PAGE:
Christmastime on the planet of the rich is a world of consumption. In fact, what we realize around this time of the year is that we have a lot of stuff — so much stuff that many people donate to charity (as tax write-offs) or simply opt out of giving gifts.
Speaking of God
Sister theologians and biblical scholars explore the quest for God in light of the global reality.
The discoveries of science today do not cease to astound. For centuries we thought of ourselves as solid, fixed human beings in a stable, fixed universe. Now we must rethink ourselves as disco dancers in a bubble gum universe. Quantum physics has undermined all the great discoveries of matter, from Aristotle to Newton, and we are now left with the wondrous reality of wave-particle duality. Now we must face the startling discovery that quantum physics may govern the realms of biological life as well.
Christian life anchors itself in the life, death and resurrection of Jesus Christ. Discipleship has been the hallmark of the committed Christian, inspired by the words of Jesus, "Follow me." Almost 2,000 years later and millions of committed followers, the good news of Jesus is still like seed on rocky ground. The winds blow and the seed is scattered. After many years in religious life, I have begun to wonder if following Jesus is the whole story and if this, indeed, is the mark of religious life.
In the Litany of Loreto, Mary is called "cause of our joy." There are many reasons for considering her such; many of them are caught up by the feast of the Assumption. This glorious feast, celebrated today, August 15, is a testimony to the power of the laity and of our devotion to the mother of God. It also underscores Catholic belief in the goodness of the human body and in its promised resurrection. The feast likewise counters any and all tendencies to think that the female human body is excluded from such goodness and from the possibility of glorification with God in eternity.
In the wake of the brutal killings at the Pulse nightclub in Orlando and multiple horrific acts of violence and hatred against police and against men of color by police in several American cities, I cry out with so many of you who yearn for a change of heart, individually and collectively.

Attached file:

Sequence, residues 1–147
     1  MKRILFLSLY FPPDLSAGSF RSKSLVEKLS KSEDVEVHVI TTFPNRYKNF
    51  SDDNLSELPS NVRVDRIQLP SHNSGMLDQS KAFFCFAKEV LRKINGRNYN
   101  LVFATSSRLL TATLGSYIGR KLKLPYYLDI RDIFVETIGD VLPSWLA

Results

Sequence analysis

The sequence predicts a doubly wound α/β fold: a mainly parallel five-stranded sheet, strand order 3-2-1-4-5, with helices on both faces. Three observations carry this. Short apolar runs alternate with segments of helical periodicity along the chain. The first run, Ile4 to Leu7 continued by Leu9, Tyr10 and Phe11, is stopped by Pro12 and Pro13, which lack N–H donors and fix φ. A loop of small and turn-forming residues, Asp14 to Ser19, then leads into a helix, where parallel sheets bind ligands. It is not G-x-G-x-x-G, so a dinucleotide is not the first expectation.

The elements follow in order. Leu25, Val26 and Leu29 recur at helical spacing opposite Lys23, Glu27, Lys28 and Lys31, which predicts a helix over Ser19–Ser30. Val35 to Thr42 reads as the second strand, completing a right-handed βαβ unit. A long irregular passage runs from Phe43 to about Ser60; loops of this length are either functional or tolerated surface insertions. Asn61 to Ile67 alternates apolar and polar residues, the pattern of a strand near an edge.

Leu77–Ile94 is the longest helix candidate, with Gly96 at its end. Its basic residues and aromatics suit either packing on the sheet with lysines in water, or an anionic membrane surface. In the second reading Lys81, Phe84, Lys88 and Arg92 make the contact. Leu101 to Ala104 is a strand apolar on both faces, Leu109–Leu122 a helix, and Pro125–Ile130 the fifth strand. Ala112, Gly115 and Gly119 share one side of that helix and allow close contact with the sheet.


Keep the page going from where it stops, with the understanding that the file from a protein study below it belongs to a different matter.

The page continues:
For centuries, the Church taught that God is impassible, that God could suffer in his humanity but not his divinity. This belief became difficult in the 20th century when war after war — and all that war entailed — consumed millions of innocent lives.
Speaking of God - The results of the recent U.S. presidential primaries are not only startling, but a wake-up call to the reality that our political system no longer works.
The feast of the Annunciation coincides with Good Friday this year, inviting us to think about the two feasts together. The liturgy has a marvelous way of collapsing time, making events that are separate in historical time coexist for the participants.
From the dawn of our species, what we know about the universe has come from the power of observation, that is, what we can observe in a light-filled universe. In the 13th-century Oxford theologian Robert Grosseteste described the beginning of all physical life from light. One of his major works De Luce begins with God's creation of a single point of light which, through expansion and extension, he claimed, evoked the entire physical order into existence. The expansion of light replicating itself infinitely in all directions, he speculated, is the basis of the created world. Grosseteste was not too far from modern physics.
Terrorism in Paris, flooding in Bangladesh, Ebola in Africa, family violence everywhere. The suffering in our world is of such magnitude that each of us must find a way of dealing with it or accommodating it within our meaning-making scheme. Some people look for someone to blame and often that someone is God.
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